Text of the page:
Your baby’s doctor has ordered a Car Seat Challenge. This is a test that gives the doctor valuable information about how well your baby might be able to handle sitting in his or her car seat for travel.
Car seats place babies at a semi-reclined angle, (from 30 to 45 degrees). The Car Seat Challenge is a way used to identify babies that might be at higher risk for problems such as trouble breathing while in these semi-reclined angles. Infants who are born premature have a low weight at birth (less than 2.5 kilograms). Very small and special needs infants have more risk of these complications. It is important for you and your doctor to know if your baby will have problems before going home.
You will need to bring your baby’s car seat to the hospital several days before going home. The test will be done at the bedside, usually after a feeding and diaper change. Your infant’s nurse will place him on a monitor and secure him in the car seat. During the test, the baby’s heart rate, breathing and oxygen level will be watched for 90 to 120 minutes. If there are changes in these levels during the test, the test will be stopped. Your baby will be taken out of the car seat and the doctor will be notified.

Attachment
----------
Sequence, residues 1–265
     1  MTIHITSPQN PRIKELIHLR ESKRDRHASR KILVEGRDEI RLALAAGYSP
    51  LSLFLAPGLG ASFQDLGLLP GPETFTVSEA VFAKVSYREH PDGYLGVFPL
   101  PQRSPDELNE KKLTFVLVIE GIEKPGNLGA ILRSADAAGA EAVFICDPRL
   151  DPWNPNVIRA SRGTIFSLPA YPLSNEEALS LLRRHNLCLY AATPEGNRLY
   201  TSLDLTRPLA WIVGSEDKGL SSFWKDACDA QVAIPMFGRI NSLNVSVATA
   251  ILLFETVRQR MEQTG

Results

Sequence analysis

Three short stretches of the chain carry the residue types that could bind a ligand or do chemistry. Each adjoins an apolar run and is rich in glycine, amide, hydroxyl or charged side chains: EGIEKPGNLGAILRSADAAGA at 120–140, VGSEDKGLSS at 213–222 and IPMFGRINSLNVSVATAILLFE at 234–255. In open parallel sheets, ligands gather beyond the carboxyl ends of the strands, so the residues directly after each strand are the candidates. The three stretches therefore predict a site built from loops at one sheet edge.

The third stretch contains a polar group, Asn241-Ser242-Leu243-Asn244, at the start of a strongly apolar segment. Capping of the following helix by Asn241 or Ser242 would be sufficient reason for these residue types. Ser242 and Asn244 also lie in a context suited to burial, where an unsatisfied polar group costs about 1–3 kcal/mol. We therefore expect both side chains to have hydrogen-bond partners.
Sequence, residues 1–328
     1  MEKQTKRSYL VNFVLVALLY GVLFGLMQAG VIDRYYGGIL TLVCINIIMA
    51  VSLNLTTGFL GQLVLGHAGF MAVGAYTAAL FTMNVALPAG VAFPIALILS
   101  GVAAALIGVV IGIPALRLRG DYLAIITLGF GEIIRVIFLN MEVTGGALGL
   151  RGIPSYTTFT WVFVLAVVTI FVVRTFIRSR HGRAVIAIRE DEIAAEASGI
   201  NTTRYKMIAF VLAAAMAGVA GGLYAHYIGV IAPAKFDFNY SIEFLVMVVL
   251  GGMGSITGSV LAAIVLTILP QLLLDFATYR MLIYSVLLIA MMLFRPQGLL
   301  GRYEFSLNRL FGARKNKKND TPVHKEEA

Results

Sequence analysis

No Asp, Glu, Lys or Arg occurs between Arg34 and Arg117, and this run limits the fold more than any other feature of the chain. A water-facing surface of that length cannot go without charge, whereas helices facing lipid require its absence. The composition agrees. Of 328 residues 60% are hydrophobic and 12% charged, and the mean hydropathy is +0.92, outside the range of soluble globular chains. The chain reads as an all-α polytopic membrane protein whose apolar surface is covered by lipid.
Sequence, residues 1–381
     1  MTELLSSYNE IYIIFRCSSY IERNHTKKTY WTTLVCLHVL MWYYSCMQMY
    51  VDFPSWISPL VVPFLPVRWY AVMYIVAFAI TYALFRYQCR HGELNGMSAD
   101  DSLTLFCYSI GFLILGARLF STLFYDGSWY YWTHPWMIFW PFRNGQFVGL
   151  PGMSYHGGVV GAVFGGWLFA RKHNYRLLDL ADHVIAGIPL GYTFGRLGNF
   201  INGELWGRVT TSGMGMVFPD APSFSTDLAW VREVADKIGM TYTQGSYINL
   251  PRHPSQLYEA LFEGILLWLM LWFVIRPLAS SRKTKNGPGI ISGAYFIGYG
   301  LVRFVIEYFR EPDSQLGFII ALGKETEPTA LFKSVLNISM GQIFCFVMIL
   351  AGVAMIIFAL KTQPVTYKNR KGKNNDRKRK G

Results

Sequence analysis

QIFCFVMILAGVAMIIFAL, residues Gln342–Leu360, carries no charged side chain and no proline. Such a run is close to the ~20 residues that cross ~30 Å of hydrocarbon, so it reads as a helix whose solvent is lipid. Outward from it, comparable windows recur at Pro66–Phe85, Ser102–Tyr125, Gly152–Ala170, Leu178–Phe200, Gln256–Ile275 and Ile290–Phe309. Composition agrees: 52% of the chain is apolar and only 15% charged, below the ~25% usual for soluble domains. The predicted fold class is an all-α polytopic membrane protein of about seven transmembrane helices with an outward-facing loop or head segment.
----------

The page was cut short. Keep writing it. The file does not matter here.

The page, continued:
If your baby passes the Car Seat Challenge, you still need to watch him closely when he is in his car seat. If your baby did not pass the test, the doctor may repeat the test in the same car seat on another day or test him again in a different car seat.
Remember, the Car Seat Challenge shows how well the infant tolerates being at a semireclinedangle. Other infant equipment (such as “bouncy seats”, swings and even slings) also place infants at a similar angle. Babies should be watched closely while in any semi-reclined infant equipment. Also, only put your baby in his car seat to travel. Do not let your infant sleep in the car seat when not traveling.
Please learn about your baby’s car seat, how to properly position your baby in it and how to properly install it into your vehicle. Your child should stay rear-facing until he is 2 years old. Even if his feet touch the back of the seat, this is okay. If the baby’s head is within an inch of the top of the car seat shell, he is too big for the car seat and must be moved to another seat. Check with your child’s doctor before placing him in a forward-facing position. Some children with special needs may need to remain rear-facing longer because it better protects the head and neck. Nationwide Children’s Hospital has a Passenger Safety Program that can help answer some of your questions. You can also go to a nearby car seat check location, or contact your local fire department or health department. Go to www.safekids.com to find one near you.
If you have any questions, be sure to talk to your nurse or to your child’s doctor.
HH-IV-119 11/10, Reviewed 9/13, Copyright 2010, Nationwide Children’s Hospital